>Cantor constructs the antidiagonal by taking the list and then computing a >missing Real based upon the decimal expansion of every Real on the list.
That's right, so Cantor showed how to compute an antidiagonal using the list of reals as an input. That shows that the antidiagonal is computable *relative* to the list. It does not show that the antidiagonal is computable. "Computable relative to a list" and "computable" are two different things.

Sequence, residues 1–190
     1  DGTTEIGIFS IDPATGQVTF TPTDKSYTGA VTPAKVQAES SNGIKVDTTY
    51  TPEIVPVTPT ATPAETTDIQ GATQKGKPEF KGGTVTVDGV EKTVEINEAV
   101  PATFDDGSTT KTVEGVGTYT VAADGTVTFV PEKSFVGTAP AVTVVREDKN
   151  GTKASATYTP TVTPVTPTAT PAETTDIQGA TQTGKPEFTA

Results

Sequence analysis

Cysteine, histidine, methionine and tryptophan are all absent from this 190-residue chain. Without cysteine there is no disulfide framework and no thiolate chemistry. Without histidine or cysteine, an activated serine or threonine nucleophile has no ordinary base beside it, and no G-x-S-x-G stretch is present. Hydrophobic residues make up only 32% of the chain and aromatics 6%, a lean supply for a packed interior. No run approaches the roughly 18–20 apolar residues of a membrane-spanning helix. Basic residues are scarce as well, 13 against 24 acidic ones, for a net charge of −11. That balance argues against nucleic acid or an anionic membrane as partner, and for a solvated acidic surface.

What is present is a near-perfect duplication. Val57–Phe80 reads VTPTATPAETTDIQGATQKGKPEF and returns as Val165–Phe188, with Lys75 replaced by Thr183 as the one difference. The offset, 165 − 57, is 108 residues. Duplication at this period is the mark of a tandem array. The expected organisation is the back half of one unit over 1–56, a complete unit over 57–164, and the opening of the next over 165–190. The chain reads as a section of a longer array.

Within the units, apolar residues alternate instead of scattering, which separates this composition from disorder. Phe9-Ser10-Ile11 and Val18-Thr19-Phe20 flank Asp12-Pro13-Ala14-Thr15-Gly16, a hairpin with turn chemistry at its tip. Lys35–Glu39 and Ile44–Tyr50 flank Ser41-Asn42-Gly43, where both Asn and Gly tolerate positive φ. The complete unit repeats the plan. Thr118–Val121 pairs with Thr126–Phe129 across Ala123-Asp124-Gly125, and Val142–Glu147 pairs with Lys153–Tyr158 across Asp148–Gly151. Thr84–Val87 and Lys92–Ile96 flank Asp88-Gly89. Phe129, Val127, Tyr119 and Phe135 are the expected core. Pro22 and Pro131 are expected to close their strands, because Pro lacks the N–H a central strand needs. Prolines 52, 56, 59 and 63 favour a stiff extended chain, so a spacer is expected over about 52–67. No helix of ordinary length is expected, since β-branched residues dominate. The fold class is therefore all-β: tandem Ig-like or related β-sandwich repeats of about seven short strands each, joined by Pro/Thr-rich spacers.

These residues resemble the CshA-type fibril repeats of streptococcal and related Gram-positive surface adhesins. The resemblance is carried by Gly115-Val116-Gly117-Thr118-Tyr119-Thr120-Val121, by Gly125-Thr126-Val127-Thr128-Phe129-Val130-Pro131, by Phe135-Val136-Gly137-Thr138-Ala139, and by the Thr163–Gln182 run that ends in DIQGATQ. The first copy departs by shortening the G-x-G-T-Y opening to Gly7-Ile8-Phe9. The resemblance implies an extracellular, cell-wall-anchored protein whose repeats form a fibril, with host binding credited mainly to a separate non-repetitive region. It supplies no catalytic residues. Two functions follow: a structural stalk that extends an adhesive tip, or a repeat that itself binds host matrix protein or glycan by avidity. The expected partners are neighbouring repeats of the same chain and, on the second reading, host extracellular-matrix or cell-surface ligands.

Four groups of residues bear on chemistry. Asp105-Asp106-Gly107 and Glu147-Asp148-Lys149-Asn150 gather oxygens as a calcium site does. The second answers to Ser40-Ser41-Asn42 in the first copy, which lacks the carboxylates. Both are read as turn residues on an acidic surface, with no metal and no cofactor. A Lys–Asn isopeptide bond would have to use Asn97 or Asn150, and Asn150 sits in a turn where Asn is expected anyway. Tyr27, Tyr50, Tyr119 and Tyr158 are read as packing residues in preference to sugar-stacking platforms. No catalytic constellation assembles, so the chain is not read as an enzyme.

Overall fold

This is a pretty simple concept, Peter. Mathematically, you have a function antidiagonal(L,n) which returns the nth digit of the antidiagonal, given the list L and n. That function is computable. But for the antidiagonal to be computable (not computable *relative* to L), you would have to be able to come up with a function
that, for *any* n, gives the nth digit of the antidiagonal.
Two different concepts: computable relative to L, and computable.